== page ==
“I think we should take surfing lessons,” Mike said.
I lowered my book, which I’d just opened, and looked over the edge of the pages. I was wearing sunglasses at the time. “Okay.”
“They start in five minutes.”
“Well then,” I said, closed the book, and got up from my lounge chair. Ten minutes later, I was standing in the sand, hands on hips, listening to a man who looked like a cross between my father and the Great Santini explain to me how to get up on a surfboard. Before that, I’d never touched one, much less gotten on one, paddled out into the ocean, and stood up on it. I was going to do this?
Yes, I was going to do this.
I was also going to fall down a lot, but he’d told us the proper way to fall down into the water. In fact, I fell down every time I stood up on the board. For an hour, I got up, fell down, paddled back out, and sat on the board waiting my turn to be pushed toward shore as another wave came in behind me. The only time I didn’t fall down was when I felt the wave fizzling out beneath me as I was kneeling on the board, preparing to stand, and I lay back down and started paddling back out.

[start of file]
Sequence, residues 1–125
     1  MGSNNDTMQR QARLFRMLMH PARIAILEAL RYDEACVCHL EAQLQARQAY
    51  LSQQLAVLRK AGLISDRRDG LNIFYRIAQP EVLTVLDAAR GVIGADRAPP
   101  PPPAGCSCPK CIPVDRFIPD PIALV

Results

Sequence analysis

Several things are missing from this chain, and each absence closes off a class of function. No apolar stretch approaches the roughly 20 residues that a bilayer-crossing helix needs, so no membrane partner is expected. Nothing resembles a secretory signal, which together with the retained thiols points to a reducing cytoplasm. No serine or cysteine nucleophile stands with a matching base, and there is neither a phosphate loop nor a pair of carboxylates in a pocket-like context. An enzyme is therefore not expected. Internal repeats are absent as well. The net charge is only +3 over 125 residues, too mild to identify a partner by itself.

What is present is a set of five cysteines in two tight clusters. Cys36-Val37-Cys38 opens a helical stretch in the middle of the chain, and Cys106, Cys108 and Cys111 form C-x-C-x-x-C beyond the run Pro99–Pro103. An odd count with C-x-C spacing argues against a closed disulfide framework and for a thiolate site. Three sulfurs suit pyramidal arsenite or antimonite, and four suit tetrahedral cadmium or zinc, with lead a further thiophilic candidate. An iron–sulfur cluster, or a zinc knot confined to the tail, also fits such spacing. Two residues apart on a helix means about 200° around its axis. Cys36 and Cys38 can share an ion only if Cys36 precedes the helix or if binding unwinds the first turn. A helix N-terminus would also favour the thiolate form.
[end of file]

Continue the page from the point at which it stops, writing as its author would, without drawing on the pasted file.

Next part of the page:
“Why didn’t you stand up?” the teacher asked with a laugh. Why, indeed.
One of my favorite parts of the whole process was waiting while Michael took his turn. Facing toward the waves, I sat up on the board and looked around, just enjoying the experience of bobbing up and down on the water with no particular place to go in any particular hurry except the shore. I think I could have done that, and the practice, all day.
But eventually the hour ran out, and we had to paddle back to the beach and put away the surfboards. If we lived near the ocean, I think I’d sign up for surfing lessons.
A few days later, on another stretch of the beach, I was reading another book and looked up to see a man giving his eight-year-old daughter surfing lessons. She did better than me.